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The Poisoned Princess: Chapter 2


For the rest of the day, I can’t stop thinking about that mirror. Something about it seemed otherworldly. Of course, I know magic is real, even though I haven’t seen much of it myself. No one in the castle possesses any, and I haven’t left the grounds in ten years.

But the mirror definitely held…something…within it. I just don’t know what. And I don’t even want to think about the weird feeling that came over me when I heard the voice speaking. The two must be connected somehow—I don’t know how. If I wasn’t being watched so closely by my tutors, I would’ve done some research. Our library is pretty well stocked, and I’m great at research.

Speaking of being watched, it’s about time for the guard change, which means I have a ten-minute window to sneak down to the kitchens to see if a letter came for me. Queen Pelageya would never allow me this correspondence, but it is the one aspect in my life that I have gone against her on. I always thought I’d have the kind of love my parents had, but an arranged marriage doesn’t leave much room for that. Still, I decided to make the best of my situation, just like I always do. My father said that he wrote letters to my mother even after they were married. I didn’t have any expectations when I wrote to Prince Yevgenich that first time, but he surprised me by replying. Tetia Alla has been the keeper of my letters since then.

Tiptoeing toward the door, I crack it open just in time to see the guards move down the hall. All I need to do is make it to the room opposite the study, where one of the secret passages will take me to the kitchens, but I have to be fast about it.

When the guards round the corner, I run out, my silky ballet flats barely making any sound across the floor. I’m inside the other room and in the passage in the next minute.

I don’t have to think about where I’m going, the path is memorized. When I reach the door to the storage room, I push through, a little out of breath. The door to the kitchen opens as I reach for it, and Tetia Alla gasps.

“There you are!” she exclaims, thrusting an envelope at me. “Hurry, child. You’ll be late.”

I flash her a huge grin right before she shuts the storage room. I’m already moving toward the secret passage. It’s annoying that this dress doesn’t have pockets, but my underskirt does. I sewed a pocket into it recently, and now, I’m grateful. I pull my skirt up, placing the envelope in the pocket, and then I’m back in the passageway.

My heart is threatening to beat out of my chest when I finally reach the door and check if the guards have returned. Technically, I’m not supposed to know I’m unguarded for those ten minutes, but it’s my secret to keep.

I’m back inside the study with a minute to spare. Sitting down at the desk, I use the inside of my skirt to dab on my brow, making sure I don’t look like I’ve been running around in secret passages. My hands itch to tear open the letter and read it, but I know I’ll need to wait until I am completely alone in my bedroom.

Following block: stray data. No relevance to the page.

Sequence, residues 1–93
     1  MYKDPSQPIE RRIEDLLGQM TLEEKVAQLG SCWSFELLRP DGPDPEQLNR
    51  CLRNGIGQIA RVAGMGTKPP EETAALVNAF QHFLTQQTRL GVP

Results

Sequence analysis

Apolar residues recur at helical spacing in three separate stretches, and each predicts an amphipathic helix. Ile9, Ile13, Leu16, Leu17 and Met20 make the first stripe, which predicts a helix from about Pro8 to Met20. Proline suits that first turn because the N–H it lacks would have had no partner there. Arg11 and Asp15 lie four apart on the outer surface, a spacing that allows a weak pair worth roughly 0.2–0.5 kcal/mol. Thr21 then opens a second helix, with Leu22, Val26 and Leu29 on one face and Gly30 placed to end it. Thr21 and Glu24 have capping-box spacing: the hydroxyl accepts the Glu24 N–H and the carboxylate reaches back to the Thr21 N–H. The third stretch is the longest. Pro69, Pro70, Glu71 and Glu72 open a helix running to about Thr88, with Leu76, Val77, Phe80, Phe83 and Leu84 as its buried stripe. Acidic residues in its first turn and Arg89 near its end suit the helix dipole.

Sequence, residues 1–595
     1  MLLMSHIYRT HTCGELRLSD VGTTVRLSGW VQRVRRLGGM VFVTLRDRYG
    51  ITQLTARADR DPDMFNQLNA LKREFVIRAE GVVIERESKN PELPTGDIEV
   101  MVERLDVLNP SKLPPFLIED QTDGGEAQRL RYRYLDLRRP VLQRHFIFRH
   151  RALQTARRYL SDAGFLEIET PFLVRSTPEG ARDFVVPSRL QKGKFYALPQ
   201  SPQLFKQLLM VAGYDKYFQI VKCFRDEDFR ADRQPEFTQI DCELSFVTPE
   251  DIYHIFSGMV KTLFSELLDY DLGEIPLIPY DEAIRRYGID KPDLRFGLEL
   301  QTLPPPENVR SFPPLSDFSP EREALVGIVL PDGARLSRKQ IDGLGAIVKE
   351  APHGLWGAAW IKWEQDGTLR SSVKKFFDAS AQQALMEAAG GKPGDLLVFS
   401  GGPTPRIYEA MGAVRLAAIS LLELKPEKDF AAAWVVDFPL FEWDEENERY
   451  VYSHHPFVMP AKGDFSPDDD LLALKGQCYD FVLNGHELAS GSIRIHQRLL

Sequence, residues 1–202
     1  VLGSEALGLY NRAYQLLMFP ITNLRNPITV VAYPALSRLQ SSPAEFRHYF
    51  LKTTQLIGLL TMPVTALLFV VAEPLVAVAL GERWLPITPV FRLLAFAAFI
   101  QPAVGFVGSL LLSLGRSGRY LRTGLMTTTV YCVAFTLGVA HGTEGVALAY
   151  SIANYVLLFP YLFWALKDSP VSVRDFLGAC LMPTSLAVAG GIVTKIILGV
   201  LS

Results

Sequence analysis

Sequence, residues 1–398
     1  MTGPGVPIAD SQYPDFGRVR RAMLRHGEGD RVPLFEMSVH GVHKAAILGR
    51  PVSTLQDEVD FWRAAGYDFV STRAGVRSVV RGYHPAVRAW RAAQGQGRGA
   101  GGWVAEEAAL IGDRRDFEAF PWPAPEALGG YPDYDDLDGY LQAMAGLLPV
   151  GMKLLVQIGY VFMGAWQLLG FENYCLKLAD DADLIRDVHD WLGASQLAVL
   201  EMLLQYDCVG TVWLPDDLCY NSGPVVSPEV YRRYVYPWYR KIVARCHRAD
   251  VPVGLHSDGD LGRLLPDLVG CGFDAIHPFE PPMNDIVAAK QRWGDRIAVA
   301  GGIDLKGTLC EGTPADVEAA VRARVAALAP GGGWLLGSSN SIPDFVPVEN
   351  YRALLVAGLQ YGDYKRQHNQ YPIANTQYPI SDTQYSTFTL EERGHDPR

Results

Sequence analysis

Moya dorogaya.” The queen’s voice reaches me before she steps into the study, and I immediately stand, a smile on my face.

“Your Highness, it is so good to see you.” I greet her as she comes toward me, the same red dress I saw earlier glittering in the low light. “A beautiful dress, as always.”

“Oh, this old thing. It’s been ages since I’ve worn it, but somehow, it still fits.” She does a little spin to show it off, and I step around the table to come closer. I’m about to reach for her hand like I always do, but she pivots, heading for one of the loveseats, and motions for me to follow. I try to curb my disappointment. I’m not sure why I still try. She’s never been a fan of physical touch.

“How are you, dorogaya? It’s been a while since we talked.” She pats the seat beside her, and I take it eagerly.

“You have been busy keeping us safe. I heard the rumors floating around the castle.”

“Ah, yes, the mercenaries. They’ve been causing quite the trouble.”

“Are they really…are they dangerous?”

Da,” she replies immediately, her sharp look turned on me. “Men like them are the reason your father was in the woods all those years ago. We lost him so tragically because of it. You remember the sacrifice I made for you.”

“Of course, Your Highness,” I reply, giving her a tiny bow. I can never forget her kindness to me that day.

After my mother died in childbirth, it was always only my father and me. That is, until he met the most beautiful woman I had ever seen—even in pictures—and brought her to the castle. I had barely turned nine and had no idea what it meant to have a mother. But before I had a chance to find out, my father was gone, and Pelageya had become queen by default.

My memories of that day are hazy; only the heavy emotions remain. She saved me in those woods, or I would’ve met the same fate as my father. And afterward, she didn’t coddle me. She treated me like an adult and told me that I would also have to make difficult choices. I couldn’t leave the castle, and I had to be careful with my emotions and who I shared them with. Friends were a liability when one was to become a ruler. Emotional attachments only led to problems down the line.